McCutchen awarded $2000 scholarship
Blair senior Matt McCutchen has been awarded the Siemens Foundation's Award for Advanced Placement for the 2006-2007 school year. The Siemens Foundation, which is a non-profit organization that also runs the prestigious annual Siemens Westinghouse Competition, awards students from around the nation each year for their success on science and math College Board AP exams.
The Siemens Foundation presented senior Matt McCutchen with the award along with $2,000 in scholarship money for being the top male student in the state of Maryland to earn the greatest number of scores of five on the Biology, Calculus BC, Chemistry, Computer Science AB, Environmental Science, Physics C: Mechanics, Physics C: Electricity and Magnetism and Statistics AP Exams.
McCutchen, who is in the Science, Math, and Computer Science Magnet Program, is also a member on Blair's computer team and was a finalist in this year's Intel Science Talent Search science competition.
In addition to earning scores of five on five of the eight eligible tests, McCutchen also took the US Government, English Language and World History tests, but plans to center his future studies on the sciences. "While I still appreciate English and social studies on a general level, I look forward to the opportunity to focus my future studies on the sciences," said McCutchen.
According to McCutchen, the CollegeBoard's AP program can be very beneficial to students in helping them advance in a particular area of study. "I have a lot of respect for the AP program. Its curricula are thorough and rigorous and its tests are probably the best-written tests I have ever seen," he said. "However, I see it as not an end but a means to the end of more advanced study in one's area of interest."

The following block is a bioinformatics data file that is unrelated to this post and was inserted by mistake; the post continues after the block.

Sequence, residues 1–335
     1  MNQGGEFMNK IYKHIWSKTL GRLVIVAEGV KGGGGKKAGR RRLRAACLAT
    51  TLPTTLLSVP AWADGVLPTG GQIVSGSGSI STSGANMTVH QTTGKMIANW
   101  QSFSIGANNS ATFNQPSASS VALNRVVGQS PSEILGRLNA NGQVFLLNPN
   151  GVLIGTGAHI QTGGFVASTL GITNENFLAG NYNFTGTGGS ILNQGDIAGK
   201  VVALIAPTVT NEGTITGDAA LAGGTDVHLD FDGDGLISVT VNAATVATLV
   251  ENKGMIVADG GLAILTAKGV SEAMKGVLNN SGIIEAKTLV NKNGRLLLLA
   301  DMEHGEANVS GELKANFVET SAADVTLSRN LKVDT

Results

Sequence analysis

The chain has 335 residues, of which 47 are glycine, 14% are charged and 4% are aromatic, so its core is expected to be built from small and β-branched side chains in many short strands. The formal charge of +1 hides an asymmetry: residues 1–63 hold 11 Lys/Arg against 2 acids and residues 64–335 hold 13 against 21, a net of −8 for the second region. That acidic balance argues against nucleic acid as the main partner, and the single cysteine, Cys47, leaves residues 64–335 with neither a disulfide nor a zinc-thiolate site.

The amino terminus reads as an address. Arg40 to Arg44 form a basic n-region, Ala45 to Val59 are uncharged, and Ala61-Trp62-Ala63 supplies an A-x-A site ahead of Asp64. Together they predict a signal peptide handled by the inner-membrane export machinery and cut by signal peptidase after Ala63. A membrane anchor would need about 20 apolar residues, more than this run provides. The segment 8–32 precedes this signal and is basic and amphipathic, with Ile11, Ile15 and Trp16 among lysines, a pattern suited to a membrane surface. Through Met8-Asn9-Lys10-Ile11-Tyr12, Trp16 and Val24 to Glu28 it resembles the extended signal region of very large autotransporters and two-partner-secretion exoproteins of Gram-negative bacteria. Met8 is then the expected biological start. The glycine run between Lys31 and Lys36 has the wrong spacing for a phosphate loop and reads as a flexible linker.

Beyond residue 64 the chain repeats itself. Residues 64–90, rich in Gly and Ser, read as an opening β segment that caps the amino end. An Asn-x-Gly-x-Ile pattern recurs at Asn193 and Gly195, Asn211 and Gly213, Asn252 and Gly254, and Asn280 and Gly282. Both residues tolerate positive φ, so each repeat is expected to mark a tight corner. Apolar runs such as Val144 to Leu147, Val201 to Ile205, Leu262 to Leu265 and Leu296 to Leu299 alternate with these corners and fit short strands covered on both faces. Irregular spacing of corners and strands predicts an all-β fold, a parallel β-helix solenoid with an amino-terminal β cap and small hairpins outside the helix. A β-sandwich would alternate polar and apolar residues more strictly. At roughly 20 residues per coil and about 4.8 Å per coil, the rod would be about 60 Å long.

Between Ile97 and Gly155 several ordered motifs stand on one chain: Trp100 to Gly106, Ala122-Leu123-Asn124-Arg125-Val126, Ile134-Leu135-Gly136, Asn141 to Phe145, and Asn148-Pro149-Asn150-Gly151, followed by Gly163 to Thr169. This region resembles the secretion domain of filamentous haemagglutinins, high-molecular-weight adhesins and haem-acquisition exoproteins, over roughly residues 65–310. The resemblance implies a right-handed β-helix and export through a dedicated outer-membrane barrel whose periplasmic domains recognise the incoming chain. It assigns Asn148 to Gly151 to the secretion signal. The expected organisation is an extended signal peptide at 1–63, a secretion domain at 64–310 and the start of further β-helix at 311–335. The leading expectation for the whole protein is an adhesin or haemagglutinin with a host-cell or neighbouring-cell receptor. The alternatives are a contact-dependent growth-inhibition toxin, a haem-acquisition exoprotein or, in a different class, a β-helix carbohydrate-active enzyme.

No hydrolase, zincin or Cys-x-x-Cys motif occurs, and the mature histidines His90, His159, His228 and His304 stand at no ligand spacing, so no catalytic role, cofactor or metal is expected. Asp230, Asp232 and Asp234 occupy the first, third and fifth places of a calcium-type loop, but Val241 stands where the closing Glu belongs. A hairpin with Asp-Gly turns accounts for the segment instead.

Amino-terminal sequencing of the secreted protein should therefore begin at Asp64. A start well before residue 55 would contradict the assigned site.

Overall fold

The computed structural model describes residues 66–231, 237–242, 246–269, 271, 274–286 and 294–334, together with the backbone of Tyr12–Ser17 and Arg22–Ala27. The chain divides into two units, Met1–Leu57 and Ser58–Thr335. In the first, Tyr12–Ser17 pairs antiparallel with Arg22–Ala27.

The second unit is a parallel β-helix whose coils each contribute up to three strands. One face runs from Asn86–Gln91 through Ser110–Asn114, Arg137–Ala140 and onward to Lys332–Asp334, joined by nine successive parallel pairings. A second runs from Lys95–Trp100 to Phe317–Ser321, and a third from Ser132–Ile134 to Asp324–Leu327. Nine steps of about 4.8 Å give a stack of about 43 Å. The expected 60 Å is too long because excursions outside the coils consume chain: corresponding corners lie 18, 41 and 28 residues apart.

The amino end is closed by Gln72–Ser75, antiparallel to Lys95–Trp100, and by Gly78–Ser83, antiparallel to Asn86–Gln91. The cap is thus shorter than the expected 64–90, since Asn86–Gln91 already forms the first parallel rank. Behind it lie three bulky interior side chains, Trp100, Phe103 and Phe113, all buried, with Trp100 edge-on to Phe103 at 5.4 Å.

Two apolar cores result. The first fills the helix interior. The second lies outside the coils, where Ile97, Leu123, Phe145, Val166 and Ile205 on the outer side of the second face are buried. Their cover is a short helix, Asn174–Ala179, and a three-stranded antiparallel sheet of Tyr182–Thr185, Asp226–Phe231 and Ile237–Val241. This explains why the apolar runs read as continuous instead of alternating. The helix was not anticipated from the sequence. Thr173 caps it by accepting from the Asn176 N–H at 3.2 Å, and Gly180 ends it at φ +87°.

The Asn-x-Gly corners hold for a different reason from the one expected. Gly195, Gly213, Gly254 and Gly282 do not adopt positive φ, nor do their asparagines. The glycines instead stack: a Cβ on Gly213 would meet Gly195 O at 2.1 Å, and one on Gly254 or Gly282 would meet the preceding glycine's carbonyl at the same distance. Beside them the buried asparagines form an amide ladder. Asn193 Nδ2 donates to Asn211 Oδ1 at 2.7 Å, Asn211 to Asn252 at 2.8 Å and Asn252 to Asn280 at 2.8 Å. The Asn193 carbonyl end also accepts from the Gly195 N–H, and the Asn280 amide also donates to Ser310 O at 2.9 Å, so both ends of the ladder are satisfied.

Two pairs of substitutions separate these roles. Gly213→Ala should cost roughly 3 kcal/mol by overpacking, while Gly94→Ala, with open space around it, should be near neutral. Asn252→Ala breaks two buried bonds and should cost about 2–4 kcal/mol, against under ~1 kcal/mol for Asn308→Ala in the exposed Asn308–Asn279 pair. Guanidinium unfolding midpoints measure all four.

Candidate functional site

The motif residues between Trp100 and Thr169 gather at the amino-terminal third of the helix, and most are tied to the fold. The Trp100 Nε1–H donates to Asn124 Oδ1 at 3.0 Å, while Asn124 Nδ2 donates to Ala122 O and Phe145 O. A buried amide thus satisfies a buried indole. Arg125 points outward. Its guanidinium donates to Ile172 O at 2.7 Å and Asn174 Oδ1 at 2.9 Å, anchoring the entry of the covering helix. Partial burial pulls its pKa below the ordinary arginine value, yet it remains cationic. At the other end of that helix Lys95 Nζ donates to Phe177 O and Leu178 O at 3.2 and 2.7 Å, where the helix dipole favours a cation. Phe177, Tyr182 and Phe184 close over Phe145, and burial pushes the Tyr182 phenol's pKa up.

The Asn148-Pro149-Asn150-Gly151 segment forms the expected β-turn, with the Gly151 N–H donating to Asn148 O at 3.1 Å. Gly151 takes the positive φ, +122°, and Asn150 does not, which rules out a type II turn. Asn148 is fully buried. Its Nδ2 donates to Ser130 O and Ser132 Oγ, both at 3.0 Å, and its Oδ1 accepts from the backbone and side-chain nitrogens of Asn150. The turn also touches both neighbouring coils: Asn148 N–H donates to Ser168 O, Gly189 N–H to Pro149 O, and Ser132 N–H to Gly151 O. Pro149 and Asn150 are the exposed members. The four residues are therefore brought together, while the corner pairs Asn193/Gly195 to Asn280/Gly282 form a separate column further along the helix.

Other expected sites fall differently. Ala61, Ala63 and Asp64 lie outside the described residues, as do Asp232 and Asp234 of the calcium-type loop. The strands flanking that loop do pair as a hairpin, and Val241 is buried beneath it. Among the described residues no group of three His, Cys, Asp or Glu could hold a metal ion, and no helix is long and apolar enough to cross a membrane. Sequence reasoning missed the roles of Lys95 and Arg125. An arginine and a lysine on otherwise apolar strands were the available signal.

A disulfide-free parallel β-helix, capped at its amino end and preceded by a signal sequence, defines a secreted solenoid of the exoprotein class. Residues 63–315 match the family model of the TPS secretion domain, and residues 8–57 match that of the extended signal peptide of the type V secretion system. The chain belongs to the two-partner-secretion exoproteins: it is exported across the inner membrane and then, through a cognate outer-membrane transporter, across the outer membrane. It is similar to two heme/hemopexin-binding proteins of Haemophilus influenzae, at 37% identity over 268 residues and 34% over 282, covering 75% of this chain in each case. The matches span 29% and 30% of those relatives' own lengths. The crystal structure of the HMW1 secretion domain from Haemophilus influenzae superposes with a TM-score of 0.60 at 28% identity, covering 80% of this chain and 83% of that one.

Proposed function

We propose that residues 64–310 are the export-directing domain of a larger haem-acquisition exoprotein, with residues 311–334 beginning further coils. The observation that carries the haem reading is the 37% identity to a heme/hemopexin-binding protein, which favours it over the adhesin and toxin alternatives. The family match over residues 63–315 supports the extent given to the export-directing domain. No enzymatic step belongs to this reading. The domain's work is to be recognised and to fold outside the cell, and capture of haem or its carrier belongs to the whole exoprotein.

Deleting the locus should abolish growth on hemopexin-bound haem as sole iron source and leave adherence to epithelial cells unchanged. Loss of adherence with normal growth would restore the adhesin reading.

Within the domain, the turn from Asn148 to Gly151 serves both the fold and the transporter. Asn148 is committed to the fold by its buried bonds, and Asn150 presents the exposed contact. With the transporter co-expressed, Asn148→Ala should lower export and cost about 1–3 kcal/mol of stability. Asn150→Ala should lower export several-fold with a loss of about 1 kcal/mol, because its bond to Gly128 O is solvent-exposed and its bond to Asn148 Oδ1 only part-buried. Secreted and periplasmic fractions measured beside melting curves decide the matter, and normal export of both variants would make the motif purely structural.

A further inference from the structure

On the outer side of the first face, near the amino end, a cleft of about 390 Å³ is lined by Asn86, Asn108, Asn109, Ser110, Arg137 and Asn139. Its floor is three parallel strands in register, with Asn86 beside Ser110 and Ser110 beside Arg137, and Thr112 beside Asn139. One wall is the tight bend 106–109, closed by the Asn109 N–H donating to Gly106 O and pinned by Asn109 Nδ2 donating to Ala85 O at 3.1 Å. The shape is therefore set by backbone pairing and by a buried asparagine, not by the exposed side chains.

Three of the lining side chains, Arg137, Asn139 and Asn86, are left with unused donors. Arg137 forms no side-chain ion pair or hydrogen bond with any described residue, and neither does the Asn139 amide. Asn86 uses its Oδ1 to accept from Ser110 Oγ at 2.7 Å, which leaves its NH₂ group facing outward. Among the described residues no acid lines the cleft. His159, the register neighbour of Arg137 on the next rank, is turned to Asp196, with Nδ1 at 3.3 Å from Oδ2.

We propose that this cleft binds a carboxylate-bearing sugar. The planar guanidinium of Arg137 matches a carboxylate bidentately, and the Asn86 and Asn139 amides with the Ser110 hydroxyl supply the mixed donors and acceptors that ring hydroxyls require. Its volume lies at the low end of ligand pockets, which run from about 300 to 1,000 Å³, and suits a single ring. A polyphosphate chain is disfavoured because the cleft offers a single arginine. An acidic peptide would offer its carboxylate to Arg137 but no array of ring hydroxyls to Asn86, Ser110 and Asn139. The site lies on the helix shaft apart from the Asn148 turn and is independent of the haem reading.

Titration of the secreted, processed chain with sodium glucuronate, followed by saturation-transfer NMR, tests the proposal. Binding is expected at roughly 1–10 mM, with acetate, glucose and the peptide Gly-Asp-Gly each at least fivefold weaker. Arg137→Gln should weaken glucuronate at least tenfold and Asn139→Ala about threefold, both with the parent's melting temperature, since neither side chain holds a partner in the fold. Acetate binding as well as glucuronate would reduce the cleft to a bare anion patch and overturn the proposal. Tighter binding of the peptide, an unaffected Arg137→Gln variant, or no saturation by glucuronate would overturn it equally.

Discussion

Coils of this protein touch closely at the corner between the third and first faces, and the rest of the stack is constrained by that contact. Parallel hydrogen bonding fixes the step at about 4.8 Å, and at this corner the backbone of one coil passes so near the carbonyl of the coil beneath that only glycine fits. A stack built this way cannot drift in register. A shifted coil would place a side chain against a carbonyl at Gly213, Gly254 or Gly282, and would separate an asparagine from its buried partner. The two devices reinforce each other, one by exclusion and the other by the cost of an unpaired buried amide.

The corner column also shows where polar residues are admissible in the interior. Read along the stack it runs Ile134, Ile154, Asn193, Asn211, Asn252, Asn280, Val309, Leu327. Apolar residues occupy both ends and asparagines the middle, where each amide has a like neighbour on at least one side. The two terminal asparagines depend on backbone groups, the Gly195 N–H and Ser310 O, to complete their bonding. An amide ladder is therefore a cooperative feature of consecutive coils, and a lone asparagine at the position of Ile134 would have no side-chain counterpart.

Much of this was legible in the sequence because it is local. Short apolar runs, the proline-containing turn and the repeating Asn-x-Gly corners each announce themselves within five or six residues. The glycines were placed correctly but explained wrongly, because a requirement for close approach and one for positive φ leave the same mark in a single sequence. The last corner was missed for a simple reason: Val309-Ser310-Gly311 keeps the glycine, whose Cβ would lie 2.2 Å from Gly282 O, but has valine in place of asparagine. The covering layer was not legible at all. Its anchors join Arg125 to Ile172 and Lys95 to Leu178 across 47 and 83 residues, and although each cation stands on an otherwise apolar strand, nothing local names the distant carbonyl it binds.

Another advantage is that passing scores on AP tests may exempt students from taking certain courses in college. "A good AP record is one factor that can help a student get into the right college and can give him or her flexibility to take more challenging and interesting material in college," said McCutchen.
The annual Siemens Awards for AP are presented to up to two potential winners from each state, one male and one female. In addition to the state awards, two national winners are awarded $5,000 college scholarships. Students can win the AP Awards only once, with the exception that state winners are eligible for the national award in future years.
To be eligible, students must have obtained grades of five on at least three of the above eight exams and must be enrolled in a high school in the spring when the award is announced. High school or home-schooled students who have taken AP exams during the previous school year are also eligible, but the exams they take during the current year are not factored into their scores. In the case of two students achieving the same number of scores of five, composite test scores are used as a tiebreaker.
McCutchen believes that the AP tests that he has taken during high school is beneficial and will enable him to focus more on his future. "A good AP record is one factor that can help a student get into the right college and can give him/her flexibility to take more challenging and interesting material in college," he said. McCutchen explained that he only needs to take one more core class at the University of Maryland and has been placed ahead in the subjects he is interested in.
The Siemens Foundation also awards high schools and high school teachers in math, science and technology for excellence on AP tests. Besides McCutchen, the other winners from the state of Maryland were teacher Joyce Bailey, who is the head of the Global Ecology Program at Poolesville High School, and Faith Zhang, who is a student a Centennial High School in Ellicott City in Howard County.
The Siemens Awards for AP require no application or nomination process. The College Board identifies the top students, teachers and high schools in each state, according to the Siemens Foundation's website.
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